Kulbhushan Jadhav: Pakistan told to review ‘India spy’ case

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The top UN court has ordered Pakistan to review the death penalty handed down to an Indian Navy officer convicted of spying.

Pakistan has violated international law by denying India consular access to Kulbhushan Jadhav, the International Court of Justice (ICJ) has ruled.

The rulings of the ICJ are binding but it has no power to enforce them.

Kulbhushan Jadhav was arrested in Pakistan in March 2016 and sentenced to death by a military court a year later.

The Hague-based ICJ ruled that Pakistan had failed to inform Mr Jadhav of his rights, and deprived the Indian government “of the right to communicate with and have access to [him], to visit him in detention and to arrange for his legal representation”.

“A continued stay of execution constitutes an indispensible condition for the effective review and reconsideration of the conviction and sentence,” it added.

However, the court did not order Pakistan to free Mr Jadhav.

An Indian official told AFP news agency that the ruling was “a complete victory”, adding: “This opens up the possibility of consular access and a retrial in a civilian court.”

Wednesday’s verdict is likely to fuel tensions between the nuclear powers. India and Pakistan were on the brink of war in February over the disputed territory of Kashmir.

The neighbours have a long history of diplomatic spats and often accuse each other of sending spies into their territories.

The facts of the Jadhav case are intensely disputed by Pakistan and India, and now both sides seem to be claiming this ruling as a victory. India will now be allowed consular access to Jadhav, while Pakistan can point to the fact the judges declined to order Jadhav be freed.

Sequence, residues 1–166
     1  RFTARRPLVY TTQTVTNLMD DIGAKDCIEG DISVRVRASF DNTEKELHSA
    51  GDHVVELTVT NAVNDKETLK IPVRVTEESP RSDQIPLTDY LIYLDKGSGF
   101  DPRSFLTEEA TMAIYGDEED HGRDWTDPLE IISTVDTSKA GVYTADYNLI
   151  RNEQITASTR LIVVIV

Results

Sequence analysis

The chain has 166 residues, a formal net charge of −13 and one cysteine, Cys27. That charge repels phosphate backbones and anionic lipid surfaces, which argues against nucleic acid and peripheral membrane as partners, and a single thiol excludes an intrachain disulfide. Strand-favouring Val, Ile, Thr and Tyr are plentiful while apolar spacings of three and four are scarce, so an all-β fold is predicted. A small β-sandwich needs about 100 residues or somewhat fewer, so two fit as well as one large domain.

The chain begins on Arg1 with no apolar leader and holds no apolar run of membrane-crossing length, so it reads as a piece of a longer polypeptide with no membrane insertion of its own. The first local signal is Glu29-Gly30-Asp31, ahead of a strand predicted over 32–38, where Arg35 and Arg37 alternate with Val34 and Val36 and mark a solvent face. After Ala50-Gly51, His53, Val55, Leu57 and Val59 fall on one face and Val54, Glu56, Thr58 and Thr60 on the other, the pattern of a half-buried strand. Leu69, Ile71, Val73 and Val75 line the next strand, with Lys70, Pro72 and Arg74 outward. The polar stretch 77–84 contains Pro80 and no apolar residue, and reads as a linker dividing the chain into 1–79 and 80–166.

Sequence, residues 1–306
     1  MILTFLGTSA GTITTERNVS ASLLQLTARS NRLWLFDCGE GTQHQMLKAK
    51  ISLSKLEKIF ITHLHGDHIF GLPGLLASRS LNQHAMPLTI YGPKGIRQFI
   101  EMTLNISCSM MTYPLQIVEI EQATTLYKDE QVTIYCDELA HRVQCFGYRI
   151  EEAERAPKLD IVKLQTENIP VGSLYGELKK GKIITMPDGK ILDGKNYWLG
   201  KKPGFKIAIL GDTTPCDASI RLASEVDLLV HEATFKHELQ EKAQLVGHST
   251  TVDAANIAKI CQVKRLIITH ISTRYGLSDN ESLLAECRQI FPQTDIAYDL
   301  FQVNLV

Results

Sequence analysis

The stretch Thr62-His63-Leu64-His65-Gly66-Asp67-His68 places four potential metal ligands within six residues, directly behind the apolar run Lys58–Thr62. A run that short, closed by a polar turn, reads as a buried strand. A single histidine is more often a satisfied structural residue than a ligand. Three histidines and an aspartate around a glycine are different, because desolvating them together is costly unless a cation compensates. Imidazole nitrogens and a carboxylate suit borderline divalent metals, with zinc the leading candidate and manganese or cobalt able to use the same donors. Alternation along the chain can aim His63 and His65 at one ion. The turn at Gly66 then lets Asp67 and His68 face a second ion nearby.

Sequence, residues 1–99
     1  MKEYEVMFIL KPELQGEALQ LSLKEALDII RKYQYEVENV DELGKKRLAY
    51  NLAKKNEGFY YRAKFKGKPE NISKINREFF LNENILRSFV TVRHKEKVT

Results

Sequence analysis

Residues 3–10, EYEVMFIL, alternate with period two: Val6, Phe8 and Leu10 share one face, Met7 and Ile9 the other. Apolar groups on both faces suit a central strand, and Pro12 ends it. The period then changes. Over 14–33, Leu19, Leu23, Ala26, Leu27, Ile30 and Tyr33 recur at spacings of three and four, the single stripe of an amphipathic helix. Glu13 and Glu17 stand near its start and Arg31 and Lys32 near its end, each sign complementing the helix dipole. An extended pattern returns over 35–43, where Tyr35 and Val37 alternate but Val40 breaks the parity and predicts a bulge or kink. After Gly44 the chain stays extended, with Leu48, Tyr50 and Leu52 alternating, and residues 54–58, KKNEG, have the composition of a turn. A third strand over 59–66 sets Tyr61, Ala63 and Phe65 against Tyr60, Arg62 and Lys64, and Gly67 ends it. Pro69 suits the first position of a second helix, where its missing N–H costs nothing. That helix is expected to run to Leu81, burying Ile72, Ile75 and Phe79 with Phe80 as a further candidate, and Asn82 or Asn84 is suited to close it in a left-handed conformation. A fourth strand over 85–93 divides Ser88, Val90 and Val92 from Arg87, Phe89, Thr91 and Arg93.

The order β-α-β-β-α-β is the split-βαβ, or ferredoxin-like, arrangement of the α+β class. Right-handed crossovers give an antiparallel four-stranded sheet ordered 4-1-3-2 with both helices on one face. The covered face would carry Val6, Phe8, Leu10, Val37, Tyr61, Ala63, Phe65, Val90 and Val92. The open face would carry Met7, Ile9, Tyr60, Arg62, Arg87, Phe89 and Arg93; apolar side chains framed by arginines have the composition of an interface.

It’s not entirely clear what will happen next. The ICJ stated Pakistan could decide how best to conduct an “effective review” of Jadhav’s conviction and sentence, but seemed to suggest a review by a civilian high court would be suitable.

This case is a huge deal in Pakistan, where it’s seen as evidence that India is supporting militant separatist groups in places like Balochistan province.

Pakistani authorities want this allegation to receive the kind of prominence and international attention that is attached to more widely known claims that Pakistan supports anti-Indian jihadist groups.

What are the allegations?

The case of Kulbhushan Jadhav has been a thorny issue since his arrest three years ago.

Pakistan said it had detained him in the restive province of Balochistan, home to a separatist insurgency that it accuses India of backing. India said he was kidnapped in Iran, which borders the province, where he was doing business.

Shortly after his arrest, the Pakistani authorities released a video in which he was shown admitting involvement in spying.

India has always questioned the alleged confession, saying that it was extracted under duress.

In April 2017, he was convicted of espionage and terrorism and sentenced to death. India then filed a case with the ICJ.

India said that Pakistan had violated the Vienna Convention on Consular Relations by denying access to Mr Jadhav. Pakistan argued that he was not entitled to consular access because he is a spy who entered the country to create “unrest and instability”.

The ICJ was set up in 1945 to rule on disputes between nations.

The last time India and Pakistan took a dispute to the court was in 1999 when Islamabad protested against India’s downing of a Pakistani navy plane.

The court decided that it had no jurisdiction to rule in the dispute and closed the case.

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